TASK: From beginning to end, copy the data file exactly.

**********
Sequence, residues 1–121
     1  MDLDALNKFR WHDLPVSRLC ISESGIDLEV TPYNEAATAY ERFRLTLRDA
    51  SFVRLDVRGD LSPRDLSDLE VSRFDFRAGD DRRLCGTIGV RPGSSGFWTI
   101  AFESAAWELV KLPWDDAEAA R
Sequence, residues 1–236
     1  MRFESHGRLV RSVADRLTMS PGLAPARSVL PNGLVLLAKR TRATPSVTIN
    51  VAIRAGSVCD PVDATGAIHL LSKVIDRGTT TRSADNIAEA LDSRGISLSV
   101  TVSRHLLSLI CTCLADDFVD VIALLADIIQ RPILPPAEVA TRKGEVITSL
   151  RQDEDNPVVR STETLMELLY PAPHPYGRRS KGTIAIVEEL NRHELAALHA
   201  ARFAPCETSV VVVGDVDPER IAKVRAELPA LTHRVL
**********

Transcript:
Sequence, residues 1–121
     1  MDLDALNKFR WHDLPVSRLC ISESGIDLEV TPYNEAATAY ERFRLTLRDA
    51  SFVRLDVRGD LSPRDLSDLE VSRFDFRAGD DRRLCGTIGV RPGSSGFWTI
   101  AFESAAWELV KLPWDDAEAA R
Sequence, residues 1–236
     1  MRFESHGRLV RSVADRLTMS PGLAPARSVL PNGLVLLAKR TRATPSVTIN
    51  VAIRAGSVCD PVDATGAIHL LSKVIDRGTT TRSADNIAEA LDSRGISLSV
   101  TVSRHLLSLI CTCLADDFVD VIALLADIIQ RPILPPAEVA TRKGEVITSL
   151  RQDEDNPVVR STETLMELLY PAPHPYGRRS KGTIAIVEEL NRHELAALHA
   201  ARFAPCETSV VVVGDVDPER IAKVRAELPA LTHRVL